Learners for life : student approaches to learning ; results from Pisa 2000 ; Programme for International Student Assessment
|Faculty/Professorship:||Empirical Educational Research|
|Author(s):||Artelt, Cordula ; Baumert, Jürgen; Julius-McElvany, Nele; Peschar, Jules L.|
|Publisher Information:||Paris : OECD|
|Year of publication:||2003|
|Pages:||133 ; Illustrationen, Diagramme|
What are students like as learners as they approach the end of compulsory education? The answer matters greatly, not only because those with stronger approaches to learning get better results at school but also because young adults able to set learning goals and manage their own learning are much more likely to take up further study and become lifelong learners.
The OECD Programme for International Student Assessment (PISA) provides a unique opportunity to look at how students approach learning, alongside how well they perform in key subject areas. This report analyses the results, focusing on aspects of students’ motivation, self-belief and use of various learning strategies that together make it more likely that a student will become a confident and self-regulated learner.
The results confirm strong links between such student approaches to learning and measurable student outcomes. For example, students showing strong interest in reading and those who are more confident of their ability to solve problems that they find difficult are more likely to perform well. The report also shows particularly strong links between students’ tendency to control their own learning, by consciously monitoring progress towards personal goals, and their motivation and self-belief. This suggests that effec-tive learning cannot simply be taught as a skill but also depends heavily on developing positive attitudes.
This report offers policy-makers a fine-grained analysis of which particular learner characteristics are prevalent in different countries. It also identifies differences between the approaches to learning of various groups, including male and female students, and those from more and less advantaged social backgrounds. The results point to ways in which education systems can focus efforts to help different groups of students become more effective learners.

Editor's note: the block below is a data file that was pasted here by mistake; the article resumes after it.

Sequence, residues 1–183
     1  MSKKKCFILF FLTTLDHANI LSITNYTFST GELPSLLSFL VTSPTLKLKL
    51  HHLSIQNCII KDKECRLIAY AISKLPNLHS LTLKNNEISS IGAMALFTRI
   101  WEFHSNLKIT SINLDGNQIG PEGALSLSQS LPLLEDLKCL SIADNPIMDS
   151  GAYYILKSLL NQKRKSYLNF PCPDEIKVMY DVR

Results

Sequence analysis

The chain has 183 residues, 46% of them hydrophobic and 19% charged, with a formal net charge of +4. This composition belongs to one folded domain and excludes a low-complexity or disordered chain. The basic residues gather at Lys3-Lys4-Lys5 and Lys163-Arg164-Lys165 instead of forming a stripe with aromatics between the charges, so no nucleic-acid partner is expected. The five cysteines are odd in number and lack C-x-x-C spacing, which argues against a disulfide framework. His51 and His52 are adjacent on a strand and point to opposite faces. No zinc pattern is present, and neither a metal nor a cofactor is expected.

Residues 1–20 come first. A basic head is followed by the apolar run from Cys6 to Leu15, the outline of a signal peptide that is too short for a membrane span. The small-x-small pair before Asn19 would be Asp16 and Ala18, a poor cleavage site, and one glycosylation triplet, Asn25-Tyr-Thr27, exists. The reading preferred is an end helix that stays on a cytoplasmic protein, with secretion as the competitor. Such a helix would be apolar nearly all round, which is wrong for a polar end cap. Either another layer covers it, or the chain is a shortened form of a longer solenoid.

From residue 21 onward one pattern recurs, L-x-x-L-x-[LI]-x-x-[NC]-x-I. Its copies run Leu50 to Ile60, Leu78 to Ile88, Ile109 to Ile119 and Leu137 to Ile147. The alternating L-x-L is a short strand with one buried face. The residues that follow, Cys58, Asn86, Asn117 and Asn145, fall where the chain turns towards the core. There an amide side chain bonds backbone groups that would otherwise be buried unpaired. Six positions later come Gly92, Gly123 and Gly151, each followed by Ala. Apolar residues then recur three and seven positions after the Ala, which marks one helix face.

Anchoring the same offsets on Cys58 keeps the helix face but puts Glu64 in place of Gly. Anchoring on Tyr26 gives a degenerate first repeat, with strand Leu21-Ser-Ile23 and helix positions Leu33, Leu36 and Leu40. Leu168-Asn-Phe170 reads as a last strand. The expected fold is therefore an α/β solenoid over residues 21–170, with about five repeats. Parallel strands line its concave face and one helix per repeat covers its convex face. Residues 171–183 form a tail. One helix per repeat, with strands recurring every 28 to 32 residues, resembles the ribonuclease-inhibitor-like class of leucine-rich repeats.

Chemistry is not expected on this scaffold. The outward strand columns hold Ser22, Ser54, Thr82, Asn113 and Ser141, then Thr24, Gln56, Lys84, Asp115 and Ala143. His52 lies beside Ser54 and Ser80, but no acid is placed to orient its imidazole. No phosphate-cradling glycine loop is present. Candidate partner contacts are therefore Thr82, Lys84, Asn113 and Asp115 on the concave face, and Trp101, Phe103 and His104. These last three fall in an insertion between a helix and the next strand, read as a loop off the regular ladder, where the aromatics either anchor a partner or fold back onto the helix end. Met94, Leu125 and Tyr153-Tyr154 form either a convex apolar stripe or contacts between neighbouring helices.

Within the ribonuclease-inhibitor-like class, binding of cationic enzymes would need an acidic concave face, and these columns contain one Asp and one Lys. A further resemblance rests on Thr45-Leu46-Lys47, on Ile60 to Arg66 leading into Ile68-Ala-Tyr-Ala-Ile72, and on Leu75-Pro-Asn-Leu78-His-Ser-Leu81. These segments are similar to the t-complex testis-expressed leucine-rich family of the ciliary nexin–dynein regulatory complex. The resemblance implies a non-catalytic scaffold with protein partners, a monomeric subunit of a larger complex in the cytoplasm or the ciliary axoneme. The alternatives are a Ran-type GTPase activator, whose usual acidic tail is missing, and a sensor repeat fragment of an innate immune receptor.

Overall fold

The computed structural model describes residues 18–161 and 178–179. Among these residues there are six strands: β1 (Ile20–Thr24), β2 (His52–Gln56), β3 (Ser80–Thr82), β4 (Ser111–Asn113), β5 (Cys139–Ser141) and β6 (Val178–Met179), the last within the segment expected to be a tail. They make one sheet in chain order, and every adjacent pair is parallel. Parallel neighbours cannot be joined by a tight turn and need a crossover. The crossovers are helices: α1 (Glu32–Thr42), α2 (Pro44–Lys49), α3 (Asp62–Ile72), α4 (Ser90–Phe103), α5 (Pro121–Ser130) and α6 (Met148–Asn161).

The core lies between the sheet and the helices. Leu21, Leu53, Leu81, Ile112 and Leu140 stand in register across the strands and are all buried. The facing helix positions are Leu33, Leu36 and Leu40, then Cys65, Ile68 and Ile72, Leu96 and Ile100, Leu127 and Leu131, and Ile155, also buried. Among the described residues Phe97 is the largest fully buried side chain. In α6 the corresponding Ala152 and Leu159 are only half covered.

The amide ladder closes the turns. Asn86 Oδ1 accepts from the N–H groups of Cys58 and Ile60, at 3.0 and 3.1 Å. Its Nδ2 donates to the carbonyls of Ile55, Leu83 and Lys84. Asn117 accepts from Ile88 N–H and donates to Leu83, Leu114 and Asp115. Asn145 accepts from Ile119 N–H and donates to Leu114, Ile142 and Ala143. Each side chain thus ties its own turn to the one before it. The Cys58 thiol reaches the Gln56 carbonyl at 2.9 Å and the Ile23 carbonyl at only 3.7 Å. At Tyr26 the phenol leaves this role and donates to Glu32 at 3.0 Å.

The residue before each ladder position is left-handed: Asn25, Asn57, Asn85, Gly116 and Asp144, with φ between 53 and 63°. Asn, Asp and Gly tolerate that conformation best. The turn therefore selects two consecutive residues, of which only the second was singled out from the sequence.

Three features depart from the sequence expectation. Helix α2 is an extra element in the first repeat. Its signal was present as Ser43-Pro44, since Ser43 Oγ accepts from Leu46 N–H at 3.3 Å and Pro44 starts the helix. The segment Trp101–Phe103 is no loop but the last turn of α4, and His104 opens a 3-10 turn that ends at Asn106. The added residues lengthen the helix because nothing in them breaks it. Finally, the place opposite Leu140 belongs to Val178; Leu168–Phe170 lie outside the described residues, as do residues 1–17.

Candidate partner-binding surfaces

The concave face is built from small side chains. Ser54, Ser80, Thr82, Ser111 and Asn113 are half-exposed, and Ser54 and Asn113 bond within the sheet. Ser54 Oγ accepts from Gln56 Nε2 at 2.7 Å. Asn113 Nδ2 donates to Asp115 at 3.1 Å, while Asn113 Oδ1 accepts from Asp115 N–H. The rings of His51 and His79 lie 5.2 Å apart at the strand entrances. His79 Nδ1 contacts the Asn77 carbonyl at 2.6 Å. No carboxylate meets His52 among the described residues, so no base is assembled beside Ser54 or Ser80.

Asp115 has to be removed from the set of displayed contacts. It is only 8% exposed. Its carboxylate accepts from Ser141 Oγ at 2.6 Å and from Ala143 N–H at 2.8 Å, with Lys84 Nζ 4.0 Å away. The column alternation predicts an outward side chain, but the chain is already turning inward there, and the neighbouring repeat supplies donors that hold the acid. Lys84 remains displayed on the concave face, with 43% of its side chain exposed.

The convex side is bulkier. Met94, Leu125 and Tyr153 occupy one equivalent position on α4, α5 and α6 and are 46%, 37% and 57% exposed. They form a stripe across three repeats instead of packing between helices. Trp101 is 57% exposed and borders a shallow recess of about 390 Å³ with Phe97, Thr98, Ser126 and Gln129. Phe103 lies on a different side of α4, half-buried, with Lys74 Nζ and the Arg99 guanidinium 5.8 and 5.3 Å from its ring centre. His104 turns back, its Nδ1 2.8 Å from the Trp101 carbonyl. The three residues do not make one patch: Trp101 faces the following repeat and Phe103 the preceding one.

PISA is a collaborative effort, bringing together scientific expertise from the participating countries, steered jointly by their governments on the basis of shared, policy-driven interests. Participating countries take respon-sibility for the project at the policy level through a Board of Participating Countries. Experts from participat-ing countries serve on working groups that are charged with linking the PISA policy objectives with the best available substantive and technical expertise in the field of international comparative assessment of educational outcomes. Through participating in these expert groups, countries ensure that the PISA assessment instru-ments are internationally valid and take into account the cultural and curricular contexts of OECD Member countries, that they provide a realistic basis for measurement, and that they place an emphasis on authenticity and educational validity. The frameworks and assessment instruments for PISA 2000 are the product of a multi-year development process and were adopted by OECD Member countries in December 1999.
This report is the product of a concerted effort between the authors Cordula Artelt, Jürgen Baumert, Nele Julius-McElvany and Jules Peschar, the countries participating in PISA, the experts and institutions work-ing within the framework of the PISA Consortium, and the OECD. The report was prepared by the OECD Directorate for Education under the direction of Kooghyang Ro and Andreas Schleicher. The development of the report was steered by the Board of Participating Countries, chaired by Eugene Owen of the National Center for Education Statistics in the United States. Annex E of the report lists the members of the various PISA bodies as well as the individual experts and consultants who have contributed to this report and to PISA in general.
|Release Date:||25. March 2022|
originated at the
University of Bamberg
University of Bamberg